1. Suppressing and denying your feelings can create relationship problems. If you suppress your feelings, it can result in increased conflicts and barriers that cause deterioration in the relationship. For example, the husband came home late without explanation, irritating the wife angry. As the irritation is suppressed, anger and conflict between them may result. 2. Suppressing and denying your feelings can interfere with the constructive diagnosis and resolution of relationship problems. Maintaining a relationship requires an open expression of feelings so that difficulties or conflicts can be dealt with constructively. 3. Denying your feelings can result in selective perception. When feelings are unresolved, your perceptions of events and information may be affected. Unresolved feelings tend to increase blind spots and selective perception. For example, if you are denying your anger, you may perceive all hostile actions but be completely blind to friendly overtures. 4. Suppressing your feelings can bias your judgments. It is common for people to refuse to accept a good idea because someone they dislike suggested it, or to accept a poor idea because someone they like is for it.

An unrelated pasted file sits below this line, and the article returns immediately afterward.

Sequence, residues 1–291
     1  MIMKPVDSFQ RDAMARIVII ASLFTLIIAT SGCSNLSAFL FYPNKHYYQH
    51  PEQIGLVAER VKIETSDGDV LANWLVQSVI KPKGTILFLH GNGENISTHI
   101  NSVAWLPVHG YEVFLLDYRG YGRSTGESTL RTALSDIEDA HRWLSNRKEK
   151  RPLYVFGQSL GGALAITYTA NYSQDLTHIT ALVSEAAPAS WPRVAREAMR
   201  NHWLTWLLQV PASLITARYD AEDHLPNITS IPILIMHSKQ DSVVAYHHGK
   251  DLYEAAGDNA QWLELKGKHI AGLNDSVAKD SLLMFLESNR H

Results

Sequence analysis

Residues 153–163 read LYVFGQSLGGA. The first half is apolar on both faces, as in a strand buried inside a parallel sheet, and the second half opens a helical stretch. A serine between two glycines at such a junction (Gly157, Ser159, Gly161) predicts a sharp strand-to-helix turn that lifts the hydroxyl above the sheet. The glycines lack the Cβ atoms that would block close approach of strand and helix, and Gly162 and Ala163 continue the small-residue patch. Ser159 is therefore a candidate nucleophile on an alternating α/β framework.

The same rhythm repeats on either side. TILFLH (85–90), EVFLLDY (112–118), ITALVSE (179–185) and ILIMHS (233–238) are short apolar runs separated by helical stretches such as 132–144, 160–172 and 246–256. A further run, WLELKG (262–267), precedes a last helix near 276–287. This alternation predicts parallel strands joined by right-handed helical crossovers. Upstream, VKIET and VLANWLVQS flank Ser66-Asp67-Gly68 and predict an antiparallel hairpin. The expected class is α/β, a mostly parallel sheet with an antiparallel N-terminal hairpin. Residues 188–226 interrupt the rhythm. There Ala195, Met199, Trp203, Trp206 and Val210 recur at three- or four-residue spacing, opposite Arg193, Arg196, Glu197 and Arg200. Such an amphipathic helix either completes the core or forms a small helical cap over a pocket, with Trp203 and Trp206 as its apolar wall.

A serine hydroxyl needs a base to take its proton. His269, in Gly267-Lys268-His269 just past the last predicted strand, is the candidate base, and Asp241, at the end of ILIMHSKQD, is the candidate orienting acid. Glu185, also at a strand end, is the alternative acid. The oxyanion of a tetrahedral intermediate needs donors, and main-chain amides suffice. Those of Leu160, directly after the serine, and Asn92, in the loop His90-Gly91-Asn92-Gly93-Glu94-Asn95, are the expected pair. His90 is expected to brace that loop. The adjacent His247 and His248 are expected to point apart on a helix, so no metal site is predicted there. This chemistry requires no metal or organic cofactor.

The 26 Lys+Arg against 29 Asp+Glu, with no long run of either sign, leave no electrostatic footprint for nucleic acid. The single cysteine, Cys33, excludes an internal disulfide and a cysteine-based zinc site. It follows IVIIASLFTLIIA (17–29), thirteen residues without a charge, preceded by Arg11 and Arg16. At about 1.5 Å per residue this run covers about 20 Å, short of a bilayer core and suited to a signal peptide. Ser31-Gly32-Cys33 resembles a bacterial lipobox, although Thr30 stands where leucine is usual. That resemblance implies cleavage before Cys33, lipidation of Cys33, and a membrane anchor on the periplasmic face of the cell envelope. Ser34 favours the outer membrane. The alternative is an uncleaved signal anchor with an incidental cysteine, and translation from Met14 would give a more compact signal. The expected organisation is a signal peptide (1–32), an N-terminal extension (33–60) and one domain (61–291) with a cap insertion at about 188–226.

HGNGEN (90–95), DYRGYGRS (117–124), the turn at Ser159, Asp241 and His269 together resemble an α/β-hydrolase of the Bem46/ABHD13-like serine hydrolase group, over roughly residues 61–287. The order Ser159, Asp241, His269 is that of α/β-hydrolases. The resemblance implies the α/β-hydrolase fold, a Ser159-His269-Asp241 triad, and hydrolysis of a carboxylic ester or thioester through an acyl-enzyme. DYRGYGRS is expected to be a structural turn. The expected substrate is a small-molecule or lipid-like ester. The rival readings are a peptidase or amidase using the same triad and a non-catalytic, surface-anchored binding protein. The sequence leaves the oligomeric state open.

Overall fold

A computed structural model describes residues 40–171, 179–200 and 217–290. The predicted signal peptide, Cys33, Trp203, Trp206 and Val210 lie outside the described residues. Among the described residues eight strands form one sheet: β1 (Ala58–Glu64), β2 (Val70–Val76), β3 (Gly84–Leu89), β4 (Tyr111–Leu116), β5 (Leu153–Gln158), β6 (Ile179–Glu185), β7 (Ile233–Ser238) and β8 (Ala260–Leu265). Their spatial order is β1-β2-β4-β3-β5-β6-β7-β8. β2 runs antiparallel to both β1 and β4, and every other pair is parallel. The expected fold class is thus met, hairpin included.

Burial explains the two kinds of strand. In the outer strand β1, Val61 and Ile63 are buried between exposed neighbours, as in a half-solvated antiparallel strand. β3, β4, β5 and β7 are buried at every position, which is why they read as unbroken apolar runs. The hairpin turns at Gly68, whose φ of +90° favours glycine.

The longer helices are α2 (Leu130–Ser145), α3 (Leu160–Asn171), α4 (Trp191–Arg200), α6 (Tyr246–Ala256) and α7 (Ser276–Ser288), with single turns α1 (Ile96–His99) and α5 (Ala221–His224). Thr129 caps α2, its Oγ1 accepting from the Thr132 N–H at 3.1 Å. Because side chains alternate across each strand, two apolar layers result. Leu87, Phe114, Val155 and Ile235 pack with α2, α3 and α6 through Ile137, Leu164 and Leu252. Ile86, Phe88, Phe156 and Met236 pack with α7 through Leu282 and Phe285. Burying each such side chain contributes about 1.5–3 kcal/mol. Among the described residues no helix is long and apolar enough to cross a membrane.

If you are aware of your feelings and manage them constructively, you will be far more unbiased and objective in your judgments. 5. Implying a demand while expressing your feelings can create a power struggle. Many times feelings are expressed in ways that demand changes in the receiver’s behavior. If someone says to you, “You make me angry when you do that,” she is indirectly saying, “Stop doing it.” Or if a friend says, “I like you, you are a good friend,” he may be indirectly demanding that you like him. When feelings imply demands, a power struggle may result over whether or not the demands are going to be met. 6. Other people often ask you to suppress or deny your feelings. A person may say, “Don’t feel that way” whenever you express a feeling. If you say, “I feel depressed,” he will say, “Cheer up!” If you say, “I’m angry,” she will say, “Simmer down.” If you say, “I feet great,” she will say, “The roof will cave in any moment now.” All these replies communicate: “Don’t feel that way. Quick, change your feeling!”